Lab

Motor Function Measurement Laboratory

About the lab

The Motor Function Measurement (MFM) lab is run through the University of Ottawa department of Rehabilitation Science in the Faculty of Health Sciences under the supervision of Dr. Linda McLean. She and her team are interested in investigating women’s health issues associated with the pelvic floor such as urinary incontinence, pelvic pain, and motor dysfunction associated with pregnancy and delivery. Specifically, their research focuses on the biomechanical and neurophysiological mechanisms responsible for these health issues. Measurement of musculoskeletal and neuromuscular function as well as development of predictive models of successful rehabilitation outcomes through the use of electromyography and ultrasound imaging are research areas of interest.

Featured research (12)

Background While cumulative loading of the pelvic floor during exercise appears to increase the risk of developing pelvic floor disorders, the pathophysiologic role of pelvic floor loading is poorly understood. The aim of this exploratory study was to present a method for evaluating vibrational frequency damping of the female pelvic floor and to investigate the potential utility of this approach in a preliminary evaluation. Methods Female participants were instrumented with an intravaginal accelerometer and a hip-mounted accelerometer, then ran on a treadmill at 7 km/h and 10 km/h both before and after a 30-min self-selected pace. Displacement of the pelvic floor relative to the bony pelvis was calculated using double integration of the accelerometer data. Vibrational damping coefficients were calculated using a wavelet-based approach to determine the effect of continence status, parity, running speed and time on vibrational damping. Findings Seventeen women (n = 10 reported regularly leaking urine while exercising, while n = 7 reported not leaking) completed the running protocol. No differences in vibrational damping were detected between continent and incontinent women when all frequency bands were evaluated together, however significant effects of parity, time, running speed and continence status were found within specific frequency bands. Parous women demonstrated less damping in the 25-40 Hz band compared to nulliparae, damping in the 13-16 Hz band was lower after the 30-min run, and incontinent women demonstrated lower damping in the 4.5–5.5 Hz band than continent women when running at 7 km/h. Interpretation Intra-vaginal vibrational damping may be useful in detecting biomechanical mechanisms associated with pelvic floor disorders experienced by females during exercise.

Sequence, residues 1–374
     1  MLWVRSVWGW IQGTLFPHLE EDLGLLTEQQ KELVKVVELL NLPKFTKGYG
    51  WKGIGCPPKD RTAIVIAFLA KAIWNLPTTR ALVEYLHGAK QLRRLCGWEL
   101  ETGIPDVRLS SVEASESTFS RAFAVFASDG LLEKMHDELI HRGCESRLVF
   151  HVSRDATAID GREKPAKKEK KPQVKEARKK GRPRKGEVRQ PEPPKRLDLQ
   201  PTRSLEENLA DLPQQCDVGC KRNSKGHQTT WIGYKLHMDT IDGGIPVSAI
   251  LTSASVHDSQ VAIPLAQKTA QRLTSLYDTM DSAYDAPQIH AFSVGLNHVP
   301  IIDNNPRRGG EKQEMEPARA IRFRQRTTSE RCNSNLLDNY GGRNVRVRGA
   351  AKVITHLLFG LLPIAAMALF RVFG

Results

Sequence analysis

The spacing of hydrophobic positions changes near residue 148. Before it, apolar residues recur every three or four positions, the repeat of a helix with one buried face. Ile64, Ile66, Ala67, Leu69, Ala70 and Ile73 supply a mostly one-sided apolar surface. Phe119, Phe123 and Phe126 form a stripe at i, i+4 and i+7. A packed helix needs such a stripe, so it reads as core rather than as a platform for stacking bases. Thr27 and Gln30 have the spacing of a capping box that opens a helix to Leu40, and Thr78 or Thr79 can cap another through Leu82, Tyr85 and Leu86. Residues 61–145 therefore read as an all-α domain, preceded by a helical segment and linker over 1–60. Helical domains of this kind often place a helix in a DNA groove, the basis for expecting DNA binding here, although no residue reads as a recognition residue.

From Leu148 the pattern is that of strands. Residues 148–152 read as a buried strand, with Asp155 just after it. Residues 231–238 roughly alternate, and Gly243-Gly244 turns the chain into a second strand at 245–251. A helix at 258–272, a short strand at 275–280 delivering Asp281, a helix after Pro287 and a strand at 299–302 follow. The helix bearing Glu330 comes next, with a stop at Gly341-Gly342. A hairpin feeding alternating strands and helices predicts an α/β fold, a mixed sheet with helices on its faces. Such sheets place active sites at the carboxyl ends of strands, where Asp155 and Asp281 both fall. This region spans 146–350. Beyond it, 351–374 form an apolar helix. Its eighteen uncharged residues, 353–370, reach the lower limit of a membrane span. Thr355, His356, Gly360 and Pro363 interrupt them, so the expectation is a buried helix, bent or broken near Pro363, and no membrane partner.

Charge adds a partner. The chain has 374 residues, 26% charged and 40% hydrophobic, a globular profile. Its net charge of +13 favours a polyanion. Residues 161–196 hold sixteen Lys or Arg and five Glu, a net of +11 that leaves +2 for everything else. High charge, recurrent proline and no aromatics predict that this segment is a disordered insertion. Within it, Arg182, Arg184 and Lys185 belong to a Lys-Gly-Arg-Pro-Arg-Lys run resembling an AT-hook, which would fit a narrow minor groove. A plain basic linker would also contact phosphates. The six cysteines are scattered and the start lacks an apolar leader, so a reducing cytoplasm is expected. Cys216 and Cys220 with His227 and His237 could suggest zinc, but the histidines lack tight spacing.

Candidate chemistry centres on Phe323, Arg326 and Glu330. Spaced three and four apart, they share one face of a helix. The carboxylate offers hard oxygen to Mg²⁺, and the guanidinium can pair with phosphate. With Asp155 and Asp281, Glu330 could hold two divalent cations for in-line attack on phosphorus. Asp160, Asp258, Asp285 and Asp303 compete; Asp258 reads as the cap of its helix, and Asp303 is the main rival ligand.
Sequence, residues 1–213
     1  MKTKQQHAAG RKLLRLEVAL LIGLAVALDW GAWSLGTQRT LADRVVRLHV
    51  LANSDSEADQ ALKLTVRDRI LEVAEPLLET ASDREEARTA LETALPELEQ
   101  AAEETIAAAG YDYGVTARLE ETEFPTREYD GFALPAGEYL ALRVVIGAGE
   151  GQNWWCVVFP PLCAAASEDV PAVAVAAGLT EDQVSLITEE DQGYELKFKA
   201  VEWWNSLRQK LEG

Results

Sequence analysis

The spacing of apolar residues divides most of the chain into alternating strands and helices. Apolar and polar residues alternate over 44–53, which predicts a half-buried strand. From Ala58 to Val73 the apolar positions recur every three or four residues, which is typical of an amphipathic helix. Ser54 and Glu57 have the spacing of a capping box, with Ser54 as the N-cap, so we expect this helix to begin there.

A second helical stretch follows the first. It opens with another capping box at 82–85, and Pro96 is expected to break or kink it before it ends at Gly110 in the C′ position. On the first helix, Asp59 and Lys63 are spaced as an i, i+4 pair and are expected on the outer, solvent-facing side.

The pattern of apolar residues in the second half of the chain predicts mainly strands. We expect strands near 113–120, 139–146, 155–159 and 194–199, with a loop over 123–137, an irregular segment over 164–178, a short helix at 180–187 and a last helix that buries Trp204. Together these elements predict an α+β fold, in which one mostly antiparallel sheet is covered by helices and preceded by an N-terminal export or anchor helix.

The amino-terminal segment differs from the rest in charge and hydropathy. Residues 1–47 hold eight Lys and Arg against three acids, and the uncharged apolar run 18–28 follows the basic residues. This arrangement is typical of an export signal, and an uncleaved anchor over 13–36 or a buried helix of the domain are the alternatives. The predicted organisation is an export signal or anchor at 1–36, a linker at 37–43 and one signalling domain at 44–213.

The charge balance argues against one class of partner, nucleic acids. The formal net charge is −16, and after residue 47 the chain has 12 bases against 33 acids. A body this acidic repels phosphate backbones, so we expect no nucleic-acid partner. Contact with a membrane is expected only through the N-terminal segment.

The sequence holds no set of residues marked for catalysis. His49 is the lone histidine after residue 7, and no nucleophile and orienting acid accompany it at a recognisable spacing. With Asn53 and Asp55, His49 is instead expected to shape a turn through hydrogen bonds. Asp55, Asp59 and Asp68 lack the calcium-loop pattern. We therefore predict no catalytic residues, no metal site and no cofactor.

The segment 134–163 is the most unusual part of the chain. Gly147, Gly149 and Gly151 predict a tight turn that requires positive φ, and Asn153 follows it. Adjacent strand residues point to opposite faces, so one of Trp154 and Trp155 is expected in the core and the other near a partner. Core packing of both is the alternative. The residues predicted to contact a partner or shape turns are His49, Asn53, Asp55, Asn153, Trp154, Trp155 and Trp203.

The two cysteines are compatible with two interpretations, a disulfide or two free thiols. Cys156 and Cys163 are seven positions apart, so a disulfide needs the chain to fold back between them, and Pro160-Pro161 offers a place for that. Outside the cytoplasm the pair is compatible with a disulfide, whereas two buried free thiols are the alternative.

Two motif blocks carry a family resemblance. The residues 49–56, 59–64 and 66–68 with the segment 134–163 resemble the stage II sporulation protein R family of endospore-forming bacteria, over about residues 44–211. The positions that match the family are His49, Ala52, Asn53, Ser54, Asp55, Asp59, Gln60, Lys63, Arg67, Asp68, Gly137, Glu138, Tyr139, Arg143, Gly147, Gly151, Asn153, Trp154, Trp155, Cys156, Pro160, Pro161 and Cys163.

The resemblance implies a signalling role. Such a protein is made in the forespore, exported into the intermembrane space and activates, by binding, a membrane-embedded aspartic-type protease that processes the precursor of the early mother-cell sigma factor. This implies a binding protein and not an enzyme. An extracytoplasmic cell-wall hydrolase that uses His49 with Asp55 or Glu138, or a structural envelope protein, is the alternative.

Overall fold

Background: The role of levator ani muscle (LAM) dysfunction in female stress urinary incontinence (SUI) is not known. Purpose: To determine whether LAM function is associated with SUI severity, and whether changes in LAM function induced through pelvic floor muscle training (PFMT) are associated with improvements in SUI in females. Methods: Females with SUI were recruited from urogynaecology and physiotherapy clinics. LAM function was evaluated using ultrasound imaging (USI) and manual palpation (PERFECT-Scheme) before and after participants underwent a 12-week PFMT program. SUI severity was assessed using the ICIQ-FLUTS-UI and a 30-minute pad test(30MPT). Results: At baseline (n=97), lower 30MPT was weakly associated with higher bladder neck position(ρs=-0.209,p=0.044) yet with lower PERFECT-Scheme outcomes(overall ρs=0.206, repeated maximum voluntary contractions (MVCs):ρs=0.203, power/motor control ρs=0.214,p<0.05) except perineal lift during coughing was associated with lower ICIQ-FLUTS-UI. All measures of SUI and LAM function were significantly improved after the PFMT intervention (p<0.05). Greater improvements in ICIQ-FLUTS-UI were associated with greater reductions in levator plate length during MVC (ρs=0.238,p=0.041) yet with less improvement in the ability to repeat MVCs(ρs=0.303,p=0.009). Greater improvements in the 30MPT were associated with more bladder neck elevation(ρs=-0.261,p=0.027) and greater reductions in levator plate length(ρs=0.292,p=0.016) during MVC. Conclusion: Improvements in bladder neck support and elevation during MVC show weak associations with improvement in SUI signs and symptoms. Implications: While associations are weak, improved bladder neck support and elevation during MVC may play a role in improving continence function among females with SUI. The PERFECT-Scheme provides limited information on LAM function relevant to SUI or PFMT outcomes.